To lower costs and encourage the use of generics, most insurance programs have a tiered copay system, where the consumer is free to choose a more expensive drug covered under the plan, but must shoulder some of the extra cost in the form of higher copays. To recapture market share for branded drugs from generic competition, drug companies offer consumers incentives in the form of rebate coupons. Consumers who buy their drugs though private insurance are reimbursed for the copay on a branded drug to bring the copay cost near to, or in some cases lower than, that for the generic competition. A report released this week by The Pharmaceutical Care Management Association (PCMA) takes aim at this practice, claiming that it will raise health care costs for employers, unions, and state governments by as much as $32 billion.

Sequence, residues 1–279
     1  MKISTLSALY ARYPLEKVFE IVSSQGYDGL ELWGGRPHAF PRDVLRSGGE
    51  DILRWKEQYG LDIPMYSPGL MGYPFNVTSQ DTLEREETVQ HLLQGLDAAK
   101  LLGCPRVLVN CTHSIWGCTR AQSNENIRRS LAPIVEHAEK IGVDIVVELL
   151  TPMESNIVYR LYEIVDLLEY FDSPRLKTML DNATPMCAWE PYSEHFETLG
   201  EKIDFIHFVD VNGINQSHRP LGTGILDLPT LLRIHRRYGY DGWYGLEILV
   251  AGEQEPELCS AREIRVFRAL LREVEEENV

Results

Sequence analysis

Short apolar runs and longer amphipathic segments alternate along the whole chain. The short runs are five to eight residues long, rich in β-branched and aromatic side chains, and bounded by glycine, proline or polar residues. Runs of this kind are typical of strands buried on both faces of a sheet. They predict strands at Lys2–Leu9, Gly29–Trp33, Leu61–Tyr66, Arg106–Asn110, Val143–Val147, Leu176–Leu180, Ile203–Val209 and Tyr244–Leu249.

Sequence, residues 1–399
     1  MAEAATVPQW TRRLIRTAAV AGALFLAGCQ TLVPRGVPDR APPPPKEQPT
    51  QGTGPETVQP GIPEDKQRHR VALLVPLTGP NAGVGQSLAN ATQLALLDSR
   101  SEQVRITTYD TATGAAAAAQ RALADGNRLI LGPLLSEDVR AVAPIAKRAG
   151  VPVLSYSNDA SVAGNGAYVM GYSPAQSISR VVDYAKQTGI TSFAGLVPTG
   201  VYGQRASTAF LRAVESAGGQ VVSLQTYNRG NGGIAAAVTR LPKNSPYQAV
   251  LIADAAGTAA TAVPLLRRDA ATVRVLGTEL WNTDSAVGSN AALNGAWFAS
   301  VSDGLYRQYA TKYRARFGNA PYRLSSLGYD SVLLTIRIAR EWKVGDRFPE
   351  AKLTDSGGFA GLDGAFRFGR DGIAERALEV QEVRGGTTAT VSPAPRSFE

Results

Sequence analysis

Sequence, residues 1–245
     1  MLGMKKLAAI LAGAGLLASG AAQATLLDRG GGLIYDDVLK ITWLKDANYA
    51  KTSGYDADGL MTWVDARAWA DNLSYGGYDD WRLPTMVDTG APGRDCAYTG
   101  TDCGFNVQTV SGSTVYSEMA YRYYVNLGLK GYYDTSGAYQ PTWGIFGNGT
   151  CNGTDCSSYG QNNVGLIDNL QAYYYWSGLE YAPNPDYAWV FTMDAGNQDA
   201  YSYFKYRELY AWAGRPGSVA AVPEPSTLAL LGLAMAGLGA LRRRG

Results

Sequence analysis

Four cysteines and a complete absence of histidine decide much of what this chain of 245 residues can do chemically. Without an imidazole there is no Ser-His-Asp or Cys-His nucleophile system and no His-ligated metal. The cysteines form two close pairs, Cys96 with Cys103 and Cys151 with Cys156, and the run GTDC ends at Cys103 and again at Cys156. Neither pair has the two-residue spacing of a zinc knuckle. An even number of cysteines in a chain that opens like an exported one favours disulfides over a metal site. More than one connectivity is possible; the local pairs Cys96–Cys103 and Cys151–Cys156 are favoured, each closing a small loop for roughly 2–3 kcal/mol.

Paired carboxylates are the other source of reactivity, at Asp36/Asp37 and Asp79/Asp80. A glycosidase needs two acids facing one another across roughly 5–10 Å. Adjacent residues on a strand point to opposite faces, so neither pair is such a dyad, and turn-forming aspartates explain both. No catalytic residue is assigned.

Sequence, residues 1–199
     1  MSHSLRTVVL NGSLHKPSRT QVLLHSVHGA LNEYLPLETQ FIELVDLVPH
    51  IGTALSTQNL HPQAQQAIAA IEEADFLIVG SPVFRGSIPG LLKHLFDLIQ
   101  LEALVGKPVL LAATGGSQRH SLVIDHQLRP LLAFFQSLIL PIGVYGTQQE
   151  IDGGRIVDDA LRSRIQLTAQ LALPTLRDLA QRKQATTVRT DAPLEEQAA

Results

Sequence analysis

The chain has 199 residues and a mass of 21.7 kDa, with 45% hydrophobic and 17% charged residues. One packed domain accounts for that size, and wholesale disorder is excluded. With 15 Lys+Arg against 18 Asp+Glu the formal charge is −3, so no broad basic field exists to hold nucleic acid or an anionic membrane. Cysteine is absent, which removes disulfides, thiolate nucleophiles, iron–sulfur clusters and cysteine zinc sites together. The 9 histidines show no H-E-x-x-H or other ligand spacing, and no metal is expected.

The report, commissioned by PCMA and prepared by Visante, analyzed the consequences of coupon use. For the consumer, consequences are benign—branded drugs at lower cost. However, according to the report, lower cost to the consumer comes at the expense of payers, who must cover more expensive drugs. The report also claims that costs incurred by the drug companies by offering rebates are simply rolled into the cost of the drug, and passed back to consumers and payers. The report notes that the use of rebate coupons has risen by 260% in two years, and estimates extra costs associated with coupon use to reach $32 billion over the next 10 years.
The use of rebate coupons is barred in Medicare and Medicaid programs, where the government is the payer, according to the report. Alone among US states, Massachusetts, which has a mandatory health insurance law, bans the use of coupons.
This is yet another instance in which drug pricing does not adhere to the rules applied to consumer products. Cereal manufacturers have been using coupons for decades to retain market share and encourage brand loyalty. The difference here is that the cost of a drug is shared between the insurer and the consumer, with the insurer often paying the lions share. If those rebate coupons were being offered to the payers, I doubt PCMA would be as vocal in their opposition. But generics manufacturers would still have something to say.